Leeds. LEEDS. Leeds. (Look, you’re the richest club in the northern union. Get a better song)

So, I managed to get to watch the Grand Final on Saturday night! The first pub we tried had a private function where the TV is, although it also had Timothy Taylor’s Landlord Ale, and the other bar contained a group of Irish union fans who’d been drinking steadily since 6am. We moved on, and actually found rugby league on the Holloway Road.

John Kear apparently thought it was the best of the Grand Finals he’d seen, and he ought to know. He also thought Danny McGuire was Leeds’s defence leader, a clearly inspired judgement.

Saints were all about width, the classic pattern of trying to extend the line faster than the sliding defence and creating the overlap. Leeds were all about depth and tempo, trying to force defenders to turn and beat them for short sprint pace. It was a classic clash of styles.

A few years ago, people used to talk about the “midfield triangle” in league, being the half-backs and the loose forward. This doesn’t quite make sense, as the hooker in league is a specialist acting halfback and one of the most important distributors in the team, and organising a league team around the scrum is beside the point. Instead you’ve got a square, or a quartet, or something with four in it. A box with four pies in it, if you will. A four-pack of beers.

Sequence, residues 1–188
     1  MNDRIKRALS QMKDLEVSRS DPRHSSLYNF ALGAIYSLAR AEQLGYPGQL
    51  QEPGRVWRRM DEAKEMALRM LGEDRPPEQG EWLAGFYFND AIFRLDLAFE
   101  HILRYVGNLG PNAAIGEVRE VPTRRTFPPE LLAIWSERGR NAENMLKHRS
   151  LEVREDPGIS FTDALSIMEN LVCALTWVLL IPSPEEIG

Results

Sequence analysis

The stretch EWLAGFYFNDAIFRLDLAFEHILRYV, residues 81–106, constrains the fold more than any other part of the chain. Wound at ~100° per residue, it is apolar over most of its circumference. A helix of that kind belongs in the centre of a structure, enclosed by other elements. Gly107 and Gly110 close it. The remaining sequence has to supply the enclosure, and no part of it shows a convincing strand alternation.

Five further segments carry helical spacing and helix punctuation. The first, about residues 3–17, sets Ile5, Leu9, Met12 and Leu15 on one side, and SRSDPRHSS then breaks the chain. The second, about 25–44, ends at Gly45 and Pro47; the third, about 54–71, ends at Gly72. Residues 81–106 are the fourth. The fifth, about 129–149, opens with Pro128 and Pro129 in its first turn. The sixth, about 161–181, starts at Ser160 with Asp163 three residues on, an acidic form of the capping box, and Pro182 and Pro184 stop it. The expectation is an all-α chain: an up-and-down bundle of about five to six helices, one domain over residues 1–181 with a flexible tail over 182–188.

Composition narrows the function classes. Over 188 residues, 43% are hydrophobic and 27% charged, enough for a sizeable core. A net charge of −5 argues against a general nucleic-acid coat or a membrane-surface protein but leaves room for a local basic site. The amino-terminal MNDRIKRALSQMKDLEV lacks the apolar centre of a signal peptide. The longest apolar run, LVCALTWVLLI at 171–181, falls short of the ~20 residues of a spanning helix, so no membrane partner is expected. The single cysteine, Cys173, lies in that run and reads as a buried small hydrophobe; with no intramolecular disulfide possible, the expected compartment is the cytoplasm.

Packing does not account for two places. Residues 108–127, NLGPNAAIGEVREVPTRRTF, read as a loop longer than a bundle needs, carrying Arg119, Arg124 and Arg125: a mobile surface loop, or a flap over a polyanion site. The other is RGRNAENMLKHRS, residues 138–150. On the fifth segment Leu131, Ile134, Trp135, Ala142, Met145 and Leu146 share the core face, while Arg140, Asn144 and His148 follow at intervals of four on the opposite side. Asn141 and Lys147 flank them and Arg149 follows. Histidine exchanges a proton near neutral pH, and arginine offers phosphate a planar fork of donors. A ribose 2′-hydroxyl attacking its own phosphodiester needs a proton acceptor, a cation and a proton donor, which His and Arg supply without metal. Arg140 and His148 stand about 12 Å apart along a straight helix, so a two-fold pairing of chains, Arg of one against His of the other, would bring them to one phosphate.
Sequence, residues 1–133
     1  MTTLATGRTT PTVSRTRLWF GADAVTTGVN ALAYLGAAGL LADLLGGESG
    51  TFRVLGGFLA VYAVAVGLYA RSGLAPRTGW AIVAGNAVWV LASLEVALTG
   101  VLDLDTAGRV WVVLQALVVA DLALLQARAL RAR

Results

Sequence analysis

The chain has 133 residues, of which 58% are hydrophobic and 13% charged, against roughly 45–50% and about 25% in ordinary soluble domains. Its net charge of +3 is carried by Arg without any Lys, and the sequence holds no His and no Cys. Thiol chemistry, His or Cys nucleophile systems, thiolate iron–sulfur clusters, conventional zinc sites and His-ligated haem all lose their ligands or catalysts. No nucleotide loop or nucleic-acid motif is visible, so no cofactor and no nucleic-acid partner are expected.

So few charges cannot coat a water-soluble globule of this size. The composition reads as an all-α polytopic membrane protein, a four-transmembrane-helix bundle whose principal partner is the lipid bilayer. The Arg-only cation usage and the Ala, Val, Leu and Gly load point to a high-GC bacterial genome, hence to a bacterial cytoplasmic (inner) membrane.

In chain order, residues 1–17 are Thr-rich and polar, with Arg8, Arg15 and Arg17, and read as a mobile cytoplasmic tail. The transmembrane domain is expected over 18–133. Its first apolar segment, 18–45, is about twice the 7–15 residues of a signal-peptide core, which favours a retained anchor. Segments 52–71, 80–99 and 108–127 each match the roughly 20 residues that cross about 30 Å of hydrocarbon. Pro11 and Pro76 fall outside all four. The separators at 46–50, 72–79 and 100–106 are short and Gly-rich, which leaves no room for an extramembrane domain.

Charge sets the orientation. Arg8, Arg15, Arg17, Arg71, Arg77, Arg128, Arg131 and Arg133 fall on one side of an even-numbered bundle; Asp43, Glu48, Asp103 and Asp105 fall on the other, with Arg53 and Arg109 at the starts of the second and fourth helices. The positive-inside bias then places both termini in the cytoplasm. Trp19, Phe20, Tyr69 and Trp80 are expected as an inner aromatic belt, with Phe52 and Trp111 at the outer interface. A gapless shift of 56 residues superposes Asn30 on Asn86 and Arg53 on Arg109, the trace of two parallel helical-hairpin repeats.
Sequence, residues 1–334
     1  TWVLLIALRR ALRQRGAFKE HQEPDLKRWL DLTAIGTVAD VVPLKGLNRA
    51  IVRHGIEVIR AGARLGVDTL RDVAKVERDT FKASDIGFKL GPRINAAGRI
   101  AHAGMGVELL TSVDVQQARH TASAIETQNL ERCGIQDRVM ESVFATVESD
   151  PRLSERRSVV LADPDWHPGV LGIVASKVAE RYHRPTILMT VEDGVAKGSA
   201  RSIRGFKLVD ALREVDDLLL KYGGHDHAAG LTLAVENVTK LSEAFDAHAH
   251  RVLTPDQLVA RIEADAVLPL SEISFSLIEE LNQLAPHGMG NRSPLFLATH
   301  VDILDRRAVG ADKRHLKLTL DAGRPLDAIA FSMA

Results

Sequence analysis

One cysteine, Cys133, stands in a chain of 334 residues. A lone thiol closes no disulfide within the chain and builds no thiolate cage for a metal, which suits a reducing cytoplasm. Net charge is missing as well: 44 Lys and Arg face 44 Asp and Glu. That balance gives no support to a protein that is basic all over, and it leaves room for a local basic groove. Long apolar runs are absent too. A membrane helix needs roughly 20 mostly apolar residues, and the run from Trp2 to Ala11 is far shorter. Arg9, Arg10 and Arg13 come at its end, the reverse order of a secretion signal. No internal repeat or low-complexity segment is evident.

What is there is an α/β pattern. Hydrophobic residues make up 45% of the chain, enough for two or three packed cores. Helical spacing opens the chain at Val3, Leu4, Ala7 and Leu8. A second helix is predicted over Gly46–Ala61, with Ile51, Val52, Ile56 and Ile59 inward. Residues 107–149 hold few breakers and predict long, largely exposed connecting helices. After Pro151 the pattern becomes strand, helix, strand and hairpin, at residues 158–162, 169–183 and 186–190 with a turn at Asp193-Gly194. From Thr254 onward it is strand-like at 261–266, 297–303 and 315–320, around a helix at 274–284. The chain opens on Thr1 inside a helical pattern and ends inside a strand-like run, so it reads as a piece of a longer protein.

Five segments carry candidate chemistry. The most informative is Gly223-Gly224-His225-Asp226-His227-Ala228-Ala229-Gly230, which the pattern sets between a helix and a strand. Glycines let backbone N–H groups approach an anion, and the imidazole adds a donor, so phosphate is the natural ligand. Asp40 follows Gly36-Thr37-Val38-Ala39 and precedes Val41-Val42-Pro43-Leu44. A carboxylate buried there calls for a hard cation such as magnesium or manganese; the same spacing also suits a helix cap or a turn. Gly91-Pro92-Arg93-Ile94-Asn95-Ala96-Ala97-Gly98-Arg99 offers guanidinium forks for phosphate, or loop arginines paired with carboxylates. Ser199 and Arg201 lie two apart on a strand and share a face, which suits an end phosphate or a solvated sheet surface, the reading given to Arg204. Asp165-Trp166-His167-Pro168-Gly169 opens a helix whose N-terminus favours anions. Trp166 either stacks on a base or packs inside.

Leeds re-organised theirs quite radically – in the playoffs, they’d been using Kevin Sinfield as the scrum half and saving Rob Burrow to run at tired legs. In the final, they played Burrow from the start with his regular partner McGuire and put the Sinner back in 13. But that doesn’t tell you much. Burrow didn’t do much distribution or tactical kicking and McGuire’s role in the game was almost totally defensive. Instead, Sinfield and Danny Buderus did the distribution, Burrow had a free role to dash and buzz and harass Saints, and McGuire had a parallel defensive mission to hunt the Saints first receiver, coordinate the defence, and generally get stuck in whereever the attack came from. And he did a hell of a job on this.

Saints didn’t really come up with an answer to this, once it got going. Kicking penalties flattered the score a bit. McGuire broke up their moves regularly, Burrow kept catching defenders on the turn and eventually won the Harry Sunderland trophy, and Buderus and Sinfield kept control of the pace of the game.

This may bring back the old “is a stand-off really a loose forward” thing from the 1990s. Back then, there were quite a few good players who operated in either slot – Daryl Powell, Tony Kemp, Phil Clarke, Ellery Hanley, and earlier, Wally Lewis come to mind. The 1994 Lions, coached by Hanley, used first Clarke and then Powell in this role to mark the great Laurie Daley (who was the absolute opposite). It worked at Wembley, but the plan rather broke down after both of them got injured, and it also made the team pretty negative. On the other hand, once Powell was off the pitch and Garry Schofield back on, Daley ran rings round Great Britain for the rest of the series.

But Leeds’s game plan didn’t really reduce to that. Anyway, it was a hell of a game and Rob Burrow’s first try was a bit of brilliance beyond tactics, exploiting a gap in depth rather than width – one side of the defence hadn’t come up quite as smartly as the other – and ducking under the big men to make the initial break.

Oh yes, and that makes it a Yorkshire clean sweep of the three divisions with Leeds, Featherstone Rovers, and Keighley. Keighley! They told me it was Warrington’s year, and Wigan were back…




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